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ⓘ Category:Educational psychology




                                               

Educational psychology

Educational psychology is the branch of psychology concerned with the scientific study of human learning. The study of learning processes, from both cognitive and behavioral perspectives, allows researchers to understand individual differences in intelligence, cognitive development, affect, motivation, self-regulation, and self-concept, as well as their role in learning. The field of educational psychology relies heavily on quantitative methods, including testing and measurement, to enhance educational activities related to instructional design, classroom management, and assessment, which ...

                                               

Active Student Response Techniques

Active student response techniques are strategies to elicit observable responses from students in a classroom. They are grounded in the field of behavioralism and operate by increasing opportunities reinforcement during class time, typically in the form of instructor praise. Active student response techniques are designed so that student behavior, such as responding aloud to a question, is quickly followed by reinforcement if correct. Common form of active student response techniques are choral responding, response cards, guided notes, and clickers. While they are commonly used for disable ...

                                               

Adolescent egocentrism

Adolescent egocentrism is a term that child psychologist David Elkind used to describe the phenomenon of adolescents inability to distinguish between their perception of what others think about them and what people actually think in reality. Elkinds theory on adolescent egocentrism is drawn from Piagets theory on cognitive developmental stages, which argues that formal operations enable adolescents to construct imaginary situations and abstract thinking. Accordingly, adolescents are able to conceptualize their own thoughts and conceive of other peoples thoughts. However, Elkind pointed out ...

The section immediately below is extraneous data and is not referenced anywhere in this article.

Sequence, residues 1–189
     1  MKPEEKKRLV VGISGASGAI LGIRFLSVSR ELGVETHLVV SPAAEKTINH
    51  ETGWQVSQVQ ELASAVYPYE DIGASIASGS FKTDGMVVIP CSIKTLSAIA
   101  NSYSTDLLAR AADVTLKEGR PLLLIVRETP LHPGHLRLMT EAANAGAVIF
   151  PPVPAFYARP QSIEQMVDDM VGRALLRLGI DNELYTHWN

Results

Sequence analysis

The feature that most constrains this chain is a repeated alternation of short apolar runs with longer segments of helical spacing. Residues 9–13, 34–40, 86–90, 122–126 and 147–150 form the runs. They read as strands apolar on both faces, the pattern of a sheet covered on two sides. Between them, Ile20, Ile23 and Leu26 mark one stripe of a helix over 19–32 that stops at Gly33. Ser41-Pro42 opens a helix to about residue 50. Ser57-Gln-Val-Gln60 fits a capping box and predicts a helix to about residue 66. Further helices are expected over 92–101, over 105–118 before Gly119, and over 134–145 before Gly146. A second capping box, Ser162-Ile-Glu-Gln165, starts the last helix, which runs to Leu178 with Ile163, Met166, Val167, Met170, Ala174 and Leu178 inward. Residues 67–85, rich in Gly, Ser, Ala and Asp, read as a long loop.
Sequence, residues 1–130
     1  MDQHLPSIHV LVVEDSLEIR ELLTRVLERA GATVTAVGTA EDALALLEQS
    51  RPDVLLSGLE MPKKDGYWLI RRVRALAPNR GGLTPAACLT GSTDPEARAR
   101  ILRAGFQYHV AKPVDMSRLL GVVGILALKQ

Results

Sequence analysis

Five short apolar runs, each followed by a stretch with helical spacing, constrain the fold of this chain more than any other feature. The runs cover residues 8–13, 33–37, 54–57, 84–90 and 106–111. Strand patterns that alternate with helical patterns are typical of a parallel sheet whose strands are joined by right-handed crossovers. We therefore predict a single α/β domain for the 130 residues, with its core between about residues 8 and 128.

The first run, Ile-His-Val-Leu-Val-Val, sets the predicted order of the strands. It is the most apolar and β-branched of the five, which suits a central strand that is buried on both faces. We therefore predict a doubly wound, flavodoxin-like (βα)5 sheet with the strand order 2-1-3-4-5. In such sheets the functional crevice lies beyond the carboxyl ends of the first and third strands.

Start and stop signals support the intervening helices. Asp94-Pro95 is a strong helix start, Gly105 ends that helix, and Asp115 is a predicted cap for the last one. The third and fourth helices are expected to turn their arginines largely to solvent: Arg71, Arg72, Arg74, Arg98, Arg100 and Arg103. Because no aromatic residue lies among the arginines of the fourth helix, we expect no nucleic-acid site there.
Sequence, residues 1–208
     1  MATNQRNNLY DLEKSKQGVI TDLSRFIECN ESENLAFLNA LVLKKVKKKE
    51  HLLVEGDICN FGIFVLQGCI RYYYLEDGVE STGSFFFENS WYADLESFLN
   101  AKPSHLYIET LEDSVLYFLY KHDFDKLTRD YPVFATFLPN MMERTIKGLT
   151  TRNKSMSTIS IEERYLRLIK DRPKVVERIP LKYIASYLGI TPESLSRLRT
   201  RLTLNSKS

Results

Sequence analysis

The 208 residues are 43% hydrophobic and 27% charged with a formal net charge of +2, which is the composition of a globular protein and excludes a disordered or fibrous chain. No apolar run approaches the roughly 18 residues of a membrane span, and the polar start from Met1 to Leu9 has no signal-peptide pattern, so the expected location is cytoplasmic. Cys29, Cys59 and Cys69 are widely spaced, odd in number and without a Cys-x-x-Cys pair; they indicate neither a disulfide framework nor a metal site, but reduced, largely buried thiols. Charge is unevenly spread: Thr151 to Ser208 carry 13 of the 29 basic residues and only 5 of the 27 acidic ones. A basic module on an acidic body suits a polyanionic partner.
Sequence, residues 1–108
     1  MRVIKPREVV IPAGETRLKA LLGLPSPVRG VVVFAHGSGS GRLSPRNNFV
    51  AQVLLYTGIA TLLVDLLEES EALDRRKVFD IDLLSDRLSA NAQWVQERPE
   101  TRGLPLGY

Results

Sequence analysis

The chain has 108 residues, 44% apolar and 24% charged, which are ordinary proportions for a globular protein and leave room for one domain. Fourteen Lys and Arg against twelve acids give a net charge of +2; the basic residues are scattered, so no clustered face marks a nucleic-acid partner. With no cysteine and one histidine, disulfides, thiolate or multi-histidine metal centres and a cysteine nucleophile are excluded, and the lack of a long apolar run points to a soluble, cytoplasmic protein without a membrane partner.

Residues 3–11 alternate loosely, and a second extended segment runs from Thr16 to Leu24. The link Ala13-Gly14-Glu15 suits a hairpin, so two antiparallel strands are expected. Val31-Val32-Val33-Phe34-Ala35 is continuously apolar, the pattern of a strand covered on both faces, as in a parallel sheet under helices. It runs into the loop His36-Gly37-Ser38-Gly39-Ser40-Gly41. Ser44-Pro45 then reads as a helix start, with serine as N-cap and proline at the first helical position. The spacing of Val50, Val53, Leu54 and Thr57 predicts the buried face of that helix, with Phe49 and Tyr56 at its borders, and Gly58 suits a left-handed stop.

Affect (education)

In education, affect is broadly defined as the attitudes, emotions, and values present in an educational environment. The two main types of affect are professional affect and student affect. Professional affect refers to the emotions and values presented by the teacher which are picked up by the student, while student affect refers to the attitudes, interests, and values acquired in the educational environment. While there is the possibility of overlap between student and professional affect, the terms are rarely used interchangeably by educational professionals, with student affect being ...

                                               

Appreciative inquiry in education

Appreciative Inquiry is an approach that believes improvement is more engaging when the focus is made on the strengths rather than the weaknesses. People tend to respond to positive statements but react to negative statements that concern them. Children are more sensitive to their self-worth and thrive on what makes them feel good, what makes them feel accepted, included and recognized. AI is a powerful tool that can be used in the field of Education to enable children discover what is good about them and dream of what they can do with this realization. Children of today are very sensitive ...

                                               

Assessment of basic language and learning skills

The assessment of basic language and learning skills is an educational tool used frequently with applied behavior analysis to measure the basic linguistic and functional skills of an individual with developmental delays or disabilities.